Discovering new levels of broiler performance with valeric acid

A study was conducted to evaluate the effects of the combination of butyric acid and valeric acid (Gastrivix™ Avi, Perstorp) on the growth performance of broilers. The trial was conducted at the Institute of Poultry Management & Technology in India and used 3250 as-hatched, day-old Vencobb 430Y chicks divided into four dietary treatment groups (with eight replicates/treatment and 110 birds/replicate). The treatments are shown in Table 1. Feed refusal and body weight were measured weekly until the end of the trial (day 42). On days 4, 28 and 42, one bird per replicate (eight birds in total) was randomly selected from each pen and euthanized for jejunum and ileum morphology analysis. The results are shown in Table 2.

Table 1. Treatment overview

Treatment group Treatment 
 T1 Basal control diet (corn/soybean meal)
 T2 T1 + Bacitracin Methylene Disalicylate (BMD) at 500 g/MT
 T3 T1 + butyric acid / valeric acid combination at 500, 500 and 250 g/MT in the starter, grower, and finisher phases, respectively
 T4 T2 + butyric acid / valeric acid combination at 500, 500 and 250 g/MT in the starter, grower, and finisher phases, respectively

Table 2. Comparison of performance parameters and jejunum and ileum villi length and crypt depth in broilers fed different dietary treatments


FI (kg/bird)

BWG (kg/bird)


Mortality (%)


Jejunum villi length (µm)

Ileum villi length (µm)




1.70a± 0.054





























(Source: Li et al. Australian Poultry Science Symposium  (2023)

The results of the trial show that performance in the broilers fed a diet containing a combination of butyric and valeric acid (T3) was at least as good, if not better for some parameters, as the performance of the broilers fed diets containing the antibiotic Bacitracin Methylene Disalicylate (BMD; T2). In both groups, feed conversion rate (FCR) was improved by 6 points compared to the control group (T1). Body weight gain (BWG) was 0.1 kg in the BMD group, and 0.18 kg in the butyric/valeric acid group, both significant improvements compared to the control treatment group.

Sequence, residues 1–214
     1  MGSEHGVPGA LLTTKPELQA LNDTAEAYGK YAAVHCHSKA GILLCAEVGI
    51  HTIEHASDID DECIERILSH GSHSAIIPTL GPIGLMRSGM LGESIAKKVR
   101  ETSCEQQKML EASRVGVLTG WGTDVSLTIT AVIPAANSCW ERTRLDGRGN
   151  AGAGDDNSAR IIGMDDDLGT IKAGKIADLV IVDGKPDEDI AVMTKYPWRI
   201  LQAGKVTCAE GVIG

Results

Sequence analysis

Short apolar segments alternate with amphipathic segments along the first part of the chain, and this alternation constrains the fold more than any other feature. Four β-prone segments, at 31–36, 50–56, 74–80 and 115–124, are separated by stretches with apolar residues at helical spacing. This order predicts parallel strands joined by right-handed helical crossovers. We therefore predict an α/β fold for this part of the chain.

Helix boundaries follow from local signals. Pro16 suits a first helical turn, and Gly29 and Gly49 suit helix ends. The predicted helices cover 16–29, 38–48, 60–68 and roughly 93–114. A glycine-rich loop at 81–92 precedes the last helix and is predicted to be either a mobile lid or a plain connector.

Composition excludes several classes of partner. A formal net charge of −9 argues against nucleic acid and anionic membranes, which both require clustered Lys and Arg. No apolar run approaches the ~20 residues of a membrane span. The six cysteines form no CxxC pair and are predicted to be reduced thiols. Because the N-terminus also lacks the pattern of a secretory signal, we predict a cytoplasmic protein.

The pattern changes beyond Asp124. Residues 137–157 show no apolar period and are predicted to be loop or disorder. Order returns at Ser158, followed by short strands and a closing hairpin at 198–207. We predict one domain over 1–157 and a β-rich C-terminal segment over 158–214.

Broilers fed the diet containing butyric and valeric acid in addition to in-feed BMD showed further improvements in growth performance and feed efficiency over and above the BMD treatment alone, as shown by an 11-point improvement in FCR and an increase in BWG by 0.27 kg. These improvements are the result of the improved gut morphology in the small intestine which increases nutrient absorption efficacy.

A novel combination of organic acids delivers more performance

Continuing to investigate the role played by organic acids in poultry diets has uncovered a new piece of the puzzle. Poultry producers can now include a novel combination of butyric and valeric acid in their diets, with or without an antibiotic, and realize even better performance from their flock due to the improvements in gut morphology. The intestinal growth effects of butyric acid and the anti-inflammatory benefits of valeric acid support the animals ability to better use the fed energy to grow. 

References are available on request.

Antonia Tacconi

Global Product Manager Gut Health

Contact me

Antonia Tacconi

Global Product Manager Gut Health

Contact me